Grocer fights B.C. pharmacists' ban on loyalty programs
Sobeys says ban on incentive programs for medicine is not in the interest of British Columbians
Two of the province's largest grocery store chains are fighting the B.C. College of Pharmacists over a ban on incentive programs.
In a petition filed in B.C. Supreme Court on Dec. 5, Sobeys — the company that owns Canada Safeway and Thrifty Foods — is seeking to overturn the ban, which aims to prevent stores from tying the provision of medicine to rewards, including money and loyalty schemes.
Sobeys lawyer Peter Gall says the new rules, which came into effect this week, are anti-competitive and not in the interest of British Columbians.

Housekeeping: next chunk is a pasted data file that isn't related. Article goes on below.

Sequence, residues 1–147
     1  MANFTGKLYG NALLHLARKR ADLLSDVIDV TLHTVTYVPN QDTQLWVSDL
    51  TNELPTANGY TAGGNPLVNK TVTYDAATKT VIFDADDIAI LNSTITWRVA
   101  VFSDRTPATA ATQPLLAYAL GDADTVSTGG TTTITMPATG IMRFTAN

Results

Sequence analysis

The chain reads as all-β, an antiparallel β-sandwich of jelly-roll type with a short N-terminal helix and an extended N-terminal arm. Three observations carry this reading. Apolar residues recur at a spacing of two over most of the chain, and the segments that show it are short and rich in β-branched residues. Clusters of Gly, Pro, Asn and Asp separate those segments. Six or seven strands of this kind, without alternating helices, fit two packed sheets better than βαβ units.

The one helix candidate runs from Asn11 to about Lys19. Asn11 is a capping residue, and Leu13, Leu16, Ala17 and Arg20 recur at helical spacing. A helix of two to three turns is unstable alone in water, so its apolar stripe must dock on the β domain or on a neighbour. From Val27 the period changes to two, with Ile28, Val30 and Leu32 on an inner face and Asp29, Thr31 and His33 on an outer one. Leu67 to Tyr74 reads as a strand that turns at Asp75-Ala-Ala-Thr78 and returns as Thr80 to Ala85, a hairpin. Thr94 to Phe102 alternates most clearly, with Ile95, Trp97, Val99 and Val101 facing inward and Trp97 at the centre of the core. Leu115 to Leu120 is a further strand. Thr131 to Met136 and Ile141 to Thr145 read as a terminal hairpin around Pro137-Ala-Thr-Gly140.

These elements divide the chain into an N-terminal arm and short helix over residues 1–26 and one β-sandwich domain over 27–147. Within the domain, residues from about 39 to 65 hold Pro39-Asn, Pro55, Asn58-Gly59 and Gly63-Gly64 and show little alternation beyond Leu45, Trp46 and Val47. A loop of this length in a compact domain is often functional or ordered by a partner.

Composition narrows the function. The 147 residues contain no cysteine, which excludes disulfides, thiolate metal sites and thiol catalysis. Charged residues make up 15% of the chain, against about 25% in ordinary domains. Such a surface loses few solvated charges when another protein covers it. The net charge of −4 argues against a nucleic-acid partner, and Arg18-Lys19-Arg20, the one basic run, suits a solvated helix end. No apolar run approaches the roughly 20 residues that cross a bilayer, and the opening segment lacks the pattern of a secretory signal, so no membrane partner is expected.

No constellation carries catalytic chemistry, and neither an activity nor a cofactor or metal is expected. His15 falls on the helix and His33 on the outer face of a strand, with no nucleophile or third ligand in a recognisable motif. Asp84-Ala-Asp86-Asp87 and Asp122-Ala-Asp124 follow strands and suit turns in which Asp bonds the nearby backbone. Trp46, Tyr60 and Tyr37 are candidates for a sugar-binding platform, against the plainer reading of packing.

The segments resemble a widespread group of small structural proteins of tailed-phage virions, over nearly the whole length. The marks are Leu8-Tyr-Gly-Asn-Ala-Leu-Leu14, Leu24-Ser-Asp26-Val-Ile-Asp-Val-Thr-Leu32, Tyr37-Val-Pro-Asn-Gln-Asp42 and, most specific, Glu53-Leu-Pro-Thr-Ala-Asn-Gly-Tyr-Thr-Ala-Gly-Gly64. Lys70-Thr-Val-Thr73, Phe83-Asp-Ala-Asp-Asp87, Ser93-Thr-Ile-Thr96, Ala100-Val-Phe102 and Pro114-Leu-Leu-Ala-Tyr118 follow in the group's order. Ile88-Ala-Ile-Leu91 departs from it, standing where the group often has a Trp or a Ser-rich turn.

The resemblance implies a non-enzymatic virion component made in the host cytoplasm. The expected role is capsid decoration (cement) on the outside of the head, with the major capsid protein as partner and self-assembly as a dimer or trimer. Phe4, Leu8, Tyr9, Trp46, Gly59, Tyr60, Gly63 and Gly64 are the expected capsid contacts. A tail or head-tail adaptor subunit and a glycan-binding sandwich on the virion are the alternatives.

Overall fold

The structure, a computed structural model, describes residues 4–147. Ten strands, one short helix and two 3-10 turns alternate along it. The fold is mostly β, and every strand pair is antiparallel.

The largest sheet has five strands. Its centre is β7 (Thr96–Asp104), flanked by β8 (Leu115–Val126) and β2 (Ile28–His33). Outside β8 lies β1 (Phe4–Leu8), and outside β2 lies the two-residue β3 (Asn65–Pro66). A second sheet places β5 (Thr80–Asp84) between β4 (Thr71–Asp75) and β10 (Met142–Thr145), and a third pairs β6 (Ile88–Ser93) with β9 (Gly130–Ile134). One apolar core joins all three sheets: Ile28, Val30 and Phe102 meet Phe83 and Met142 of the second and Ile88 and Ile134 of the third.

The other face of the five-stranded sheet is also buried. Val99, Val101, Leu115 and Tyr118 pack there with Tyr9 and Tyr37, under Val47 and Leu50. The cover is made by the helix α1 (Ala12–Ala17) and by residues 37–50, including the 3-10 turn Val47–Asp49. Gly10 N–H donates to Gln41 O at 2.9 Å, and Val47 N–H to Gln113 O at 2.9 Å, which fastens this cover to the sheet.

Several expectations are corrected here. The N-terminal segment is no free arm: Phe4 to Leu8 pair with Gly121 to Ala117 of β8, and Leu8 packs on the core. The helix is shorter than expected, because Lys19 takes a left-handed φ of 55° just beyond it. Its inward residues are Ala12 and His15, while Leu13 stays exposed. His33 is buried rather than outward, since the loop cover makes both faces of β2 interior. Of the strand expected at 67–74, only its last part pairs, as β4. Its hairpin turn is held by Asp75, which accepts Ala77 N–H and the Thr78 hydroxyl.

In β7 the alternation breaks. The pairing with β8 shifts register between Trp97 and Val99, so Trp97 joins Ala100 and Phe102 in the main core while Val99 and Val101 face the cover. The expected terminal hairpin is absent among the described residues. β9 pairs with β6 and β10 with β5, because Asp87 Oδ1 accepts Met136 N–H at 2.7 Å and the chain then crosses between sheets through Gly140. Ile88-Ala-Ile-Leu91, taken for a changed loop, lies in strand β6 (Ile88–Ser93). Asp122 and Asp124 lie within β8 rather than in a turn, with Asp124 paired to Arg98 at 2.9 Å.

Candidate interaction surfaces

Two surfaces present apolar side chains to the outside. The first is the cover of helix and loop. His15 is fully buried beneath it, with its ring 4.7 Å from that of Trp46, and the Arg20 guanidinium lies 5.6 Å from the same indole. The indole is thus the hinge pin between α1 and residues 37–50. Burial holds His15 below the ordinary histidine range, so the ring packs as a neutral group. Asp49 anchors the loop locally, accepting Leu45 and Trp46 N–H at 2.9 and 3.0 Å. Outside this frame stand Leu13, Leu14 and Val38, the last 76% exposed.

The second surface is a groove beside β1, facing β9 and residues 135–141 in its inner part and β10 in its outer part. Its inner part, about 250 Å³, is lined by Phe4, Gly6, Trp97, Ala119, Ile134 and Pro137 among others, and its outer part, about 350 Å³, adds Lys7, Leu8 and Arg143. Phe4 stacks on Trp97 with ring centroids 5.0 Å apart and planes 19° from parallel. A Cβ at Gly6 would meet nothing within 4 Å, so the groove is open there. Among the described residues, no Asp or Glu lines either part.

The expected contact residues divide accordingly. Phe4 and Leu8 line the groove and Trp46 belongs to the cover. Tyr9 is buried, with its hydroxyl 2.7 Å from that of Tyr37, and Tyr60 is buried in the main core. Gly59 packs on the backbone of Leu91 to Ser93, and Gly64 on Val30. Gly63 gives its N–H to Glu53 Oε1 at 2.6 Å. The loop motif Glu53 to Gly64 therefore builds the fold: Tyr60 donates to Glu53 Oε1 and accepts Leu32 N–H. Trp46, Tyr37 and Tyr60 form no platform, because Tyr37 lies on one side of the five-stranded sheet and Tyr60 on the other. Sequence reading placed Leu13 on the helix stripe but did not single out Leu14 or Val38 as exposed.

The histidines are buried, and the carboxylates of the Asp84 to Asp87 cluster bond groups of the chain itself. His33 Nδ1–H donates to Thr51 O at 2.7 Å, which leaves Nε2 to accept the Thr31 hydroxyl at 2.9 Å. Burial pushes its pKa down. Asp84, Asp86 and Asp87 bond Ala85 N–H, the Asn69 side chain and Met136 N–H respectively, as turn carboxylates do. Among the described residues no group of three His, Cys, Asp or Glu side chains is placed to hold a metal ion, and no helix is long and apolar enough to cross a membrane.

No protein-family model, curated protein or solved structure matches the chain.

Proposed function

“The public is in favour of price competition, discounts, loyalty programs — anything that saves them money," says Gall.
In fact, Sobeys claims in its petition that research shows loyalty programs actually make for better care by encouraging patients to stay with the same pharmacist.
The college was unavailable for comment.
Sobeys’ petition is set to be heard next week. In the meantime, Safeway and Thrifty say they've stopped providing loyalty points on prescriptions.
with files from CBC's Jason Proctor